Fernando Cayo, his wife Ana Wagener and daughter Manuela Velies have just moved into a new home. Unfortunately, there will be no house-warming, as three dudes in hoods barge in and hold the family captive, terrorising them. One of the men takes Cayo to an ATM to get all the money out of their bank accounts, whilst the women are left vulnerable at home. And these guys ain’t fuckin’ around, either.
This 2010 Spanish thriller from director and co-writer Miguel Angel Vivas isn’t for me. I don’t much like the home invasion/rape subgenre of thrillers, not even some of the better ones like “Straw Dogs”. The combination of simplistic plot (almost “Don’t Say A Word”, minus the disturbed girl) and unpleasant goings on rarely manages to keep me interested, let alone entertained. It’s not as slow or painfully uneventful as “The Strangers”, and is certainly more professional than any version of “Last House on the Left”. I just didn’t care.
The opening scene ends up not so much a red herring as completely irrelevant, whilst the ending is cruelly devastating, but ultimately pointless beyond having a bleak ending for the sake of it. The film isn’t nearly as revolting or extreme as I was expecting. On the one hand, I appreciated that cutting away from the home situation to the father means that some of the unpleasantness is kept off-screen, but on the other hand, it breaks any tension whatsoever. The scenes with the dad try for their own tension, but it’s clichéd. It reminded me of “Firewall” and the remake of “Mother’s Day”, for instance (not sure if the latter came out after this, though). The use of sound FX is effective, but there’s still a difference between leaving it up to our imaginations and simply cutting away to something different for far too long stretches. So even on its own level, it’s not as effective as it probably wants to be.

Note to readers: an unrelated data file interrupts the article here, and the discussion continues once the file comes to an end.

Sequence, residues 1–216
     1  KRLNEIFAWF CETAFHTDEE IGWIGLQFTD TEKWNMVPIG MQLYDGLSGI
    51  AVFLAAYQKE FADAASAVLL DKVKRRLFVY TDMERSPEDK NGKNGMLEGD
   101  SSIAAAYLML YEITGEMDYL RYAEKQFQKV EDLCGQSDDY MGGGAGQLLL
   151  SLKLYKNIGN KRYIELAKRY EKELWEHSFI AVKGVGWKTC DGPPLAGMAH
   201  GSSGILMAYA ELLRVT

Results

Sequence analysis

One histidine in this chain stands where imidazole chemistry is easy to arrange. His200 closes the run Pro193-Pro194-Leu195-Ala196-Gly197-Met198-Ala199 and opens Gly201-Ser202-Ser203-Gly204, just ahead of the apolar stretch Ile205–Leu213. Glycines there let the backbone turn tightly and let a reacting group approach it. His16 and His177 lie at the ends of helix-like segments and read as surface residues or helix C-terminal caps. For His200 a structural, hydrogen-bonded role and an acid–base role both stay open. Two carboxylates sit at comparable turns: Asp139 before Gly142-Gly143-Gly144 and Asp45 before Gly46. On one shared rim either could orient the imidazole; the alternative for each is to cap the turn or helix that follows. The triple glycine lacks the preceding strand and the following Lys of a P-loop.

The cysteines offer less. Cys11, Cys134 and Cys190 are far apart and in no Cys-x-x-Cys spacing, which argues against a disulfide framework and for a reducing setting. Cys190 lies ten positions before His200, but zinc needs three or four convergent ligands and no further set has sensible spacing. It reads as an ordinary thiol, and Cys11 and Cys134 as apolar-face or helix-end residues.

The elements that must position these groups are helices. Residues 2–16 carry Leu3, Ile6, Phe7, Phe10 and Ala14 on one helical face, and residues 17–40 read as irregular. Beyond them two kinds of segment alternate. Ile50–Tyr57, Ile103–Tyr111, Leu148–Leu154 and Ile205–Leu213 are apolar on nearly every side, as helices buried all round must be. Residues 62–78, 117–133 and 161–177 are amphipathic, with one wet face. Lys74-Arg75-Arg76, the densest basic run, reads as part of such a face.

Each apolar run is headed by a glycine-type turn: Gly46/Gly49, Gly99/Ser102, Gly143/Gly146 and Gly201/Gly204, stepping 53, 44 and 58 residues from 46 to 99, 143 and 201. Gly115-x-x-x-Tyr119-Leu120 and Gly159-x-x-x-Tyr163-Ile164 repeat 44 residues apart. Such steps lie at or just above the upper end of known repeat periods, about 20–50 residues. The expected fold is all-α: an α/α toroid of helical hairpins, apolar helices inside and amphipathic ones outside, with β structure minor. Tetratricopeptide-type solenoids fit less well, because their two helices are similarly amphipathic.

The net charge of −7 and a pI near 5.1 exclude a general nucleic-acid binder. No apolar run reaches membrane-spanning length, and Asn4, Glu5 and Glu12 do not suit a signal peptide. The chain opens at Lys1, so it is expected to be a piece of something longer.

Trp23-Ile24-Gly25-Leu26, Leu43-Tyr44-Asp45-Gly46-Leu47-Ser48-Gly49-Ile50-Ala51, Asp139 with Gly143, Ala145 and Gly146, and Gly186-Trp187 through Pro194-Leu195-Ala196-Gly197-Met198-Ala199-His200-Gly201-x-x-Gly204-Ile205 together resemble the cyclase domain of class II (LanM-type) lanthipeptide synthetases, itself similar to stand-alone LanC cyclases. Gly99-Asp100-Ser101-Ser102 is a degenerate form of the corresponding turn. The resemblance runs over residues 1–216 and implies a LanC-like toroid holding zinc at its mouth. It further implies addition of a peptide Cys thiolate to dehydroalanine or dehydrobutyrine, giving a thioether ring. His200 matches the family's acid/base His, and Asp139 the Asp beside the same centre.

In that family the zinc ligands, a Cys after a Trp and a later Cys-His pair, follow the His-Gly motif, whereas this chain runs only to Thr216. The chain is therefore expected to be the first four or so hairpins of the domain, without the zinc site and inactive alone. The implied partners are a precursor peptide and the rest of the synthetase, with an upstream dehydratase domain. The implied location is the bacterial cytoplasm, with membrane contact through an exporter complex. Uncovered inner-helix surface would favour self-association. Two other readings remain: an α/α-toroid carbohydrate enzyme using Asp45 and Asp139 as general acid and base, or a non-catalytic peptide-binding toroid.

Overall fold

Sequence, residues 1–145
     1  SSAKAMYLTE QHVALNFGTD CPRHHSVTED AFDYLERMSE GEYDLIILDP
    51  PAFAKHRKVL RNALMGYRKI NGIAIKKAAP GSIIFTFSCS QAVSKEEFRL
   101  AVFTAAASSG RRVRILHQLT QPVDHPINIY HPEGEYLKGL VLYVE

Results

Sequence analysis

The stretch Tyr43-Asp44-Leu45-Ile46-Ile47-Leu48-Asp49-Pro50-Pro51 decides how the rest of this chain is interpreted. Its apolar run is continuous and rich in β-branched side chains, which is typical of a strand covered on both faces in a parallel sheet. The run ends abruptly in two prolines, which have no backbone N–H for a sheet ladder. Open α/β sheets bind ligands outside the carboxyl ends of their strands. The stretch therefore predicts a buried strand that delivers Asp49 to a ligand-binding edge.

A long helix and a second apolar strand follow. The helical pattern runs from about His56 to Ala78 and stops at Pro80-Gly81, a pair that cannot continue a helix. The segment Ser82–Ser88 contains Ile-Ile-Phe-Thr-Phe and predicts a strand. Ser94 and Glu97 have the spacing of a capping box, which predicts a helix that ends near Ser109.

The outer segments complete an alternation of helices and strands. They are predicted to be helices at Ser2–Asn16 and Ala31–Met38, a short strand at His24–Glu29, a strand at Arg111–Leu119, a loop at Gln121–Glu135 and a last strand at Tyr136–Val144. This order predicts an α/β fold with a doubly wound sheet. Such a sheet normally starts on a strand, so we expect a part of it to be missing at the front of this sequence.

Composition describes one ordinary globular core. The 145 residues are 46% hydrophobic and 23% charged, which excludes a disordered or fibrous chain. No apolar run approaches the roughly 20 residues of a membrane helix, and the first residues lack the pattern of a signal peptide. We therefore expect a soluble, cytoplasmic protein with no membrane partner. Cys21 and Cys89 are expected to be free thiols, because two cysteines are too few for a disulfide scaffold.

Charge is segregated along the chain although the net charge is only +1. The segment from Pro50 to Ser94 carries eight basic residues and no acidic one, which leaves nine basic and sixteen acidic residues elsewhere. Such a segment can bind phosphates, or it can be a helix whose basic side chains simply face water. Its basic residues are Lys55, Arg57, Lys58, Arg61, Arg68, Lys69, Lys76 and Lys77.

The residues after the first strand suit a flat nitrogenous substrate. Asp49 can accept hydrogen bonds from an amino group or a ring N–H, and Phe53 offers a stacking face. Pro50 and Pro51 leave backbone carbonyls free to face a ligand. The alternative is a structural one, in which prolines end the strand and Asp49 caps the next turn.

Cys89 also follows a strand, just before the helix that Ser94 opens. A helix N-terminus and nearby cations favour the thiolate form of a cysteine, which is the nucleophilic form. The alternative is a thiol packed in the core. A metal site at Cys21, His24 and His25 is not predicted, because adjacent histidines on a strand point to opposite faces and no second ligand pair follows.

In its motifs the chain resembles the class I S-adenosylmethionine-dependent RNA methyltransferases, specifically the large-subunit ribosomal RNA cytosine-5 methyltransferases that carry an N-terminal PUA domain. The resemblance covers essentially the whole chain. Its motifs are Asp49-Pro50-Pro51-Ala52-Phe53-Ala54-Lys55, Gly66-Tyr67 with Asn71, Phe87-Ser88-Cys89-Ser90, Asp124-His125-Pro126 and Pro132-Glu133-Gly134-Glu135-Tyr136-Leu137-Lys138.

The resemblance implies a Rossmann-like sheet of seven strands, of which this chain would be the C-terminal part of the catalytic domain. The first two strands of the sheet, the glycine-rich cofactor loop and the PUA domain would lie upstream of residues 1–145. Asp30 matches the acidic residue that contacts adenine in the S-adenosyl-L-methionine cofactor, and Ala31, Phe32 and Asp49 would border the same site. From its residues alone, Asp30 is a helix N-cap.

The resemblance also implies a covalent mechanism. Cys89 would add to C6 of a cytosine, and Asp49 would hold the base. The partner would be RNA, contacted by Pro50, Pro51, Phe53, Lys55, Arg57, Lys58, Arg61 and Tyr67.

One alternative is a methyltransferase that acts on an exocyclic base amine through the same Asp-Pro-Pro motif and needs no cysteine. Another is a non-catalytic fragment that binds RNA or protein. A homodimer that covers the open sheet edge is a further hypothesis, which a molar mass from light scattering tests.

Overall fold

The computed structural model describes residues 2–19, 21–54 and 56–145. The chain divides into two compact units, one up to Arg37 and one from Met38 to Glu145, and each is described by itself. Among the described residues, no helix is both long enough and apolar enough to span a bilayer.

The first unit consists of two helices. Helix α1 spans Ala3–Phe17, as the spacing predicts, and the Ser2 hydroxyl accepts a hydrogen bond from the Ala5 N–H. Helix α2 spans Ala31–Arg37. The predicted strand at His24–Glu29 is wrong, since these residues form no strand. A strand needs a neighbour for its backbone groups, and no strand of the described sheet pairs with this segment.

The camerawork by Pedro J. Marquez is pretty good, I must say. It starts with some annoyingly pretentious close-ups and shaky-cam, but eventually it settles down with some good, roving camerawork as we move through the house, ala “Panic Room”. Good stuff there. Split-screen, however, is occasionally employed and breaks any illusion of reality whatsoever.
I liked the performance by Manuela Velies, even though her 18 year-old character is treated by her parents like she’s 15. I’m not sure how they do things in Spain, but an 18 year-old is an adult in Australia, so it seemed weird to me. Maybe things in Spain are different or maybe the director and his co-writer Javier Garcia don’t know what they’re talking about.
Although I think that some will find this quite effective, I didn’t appreciate it, and don’t understand what I was meant to enjoy about it. I’m not a fan of the genre, however.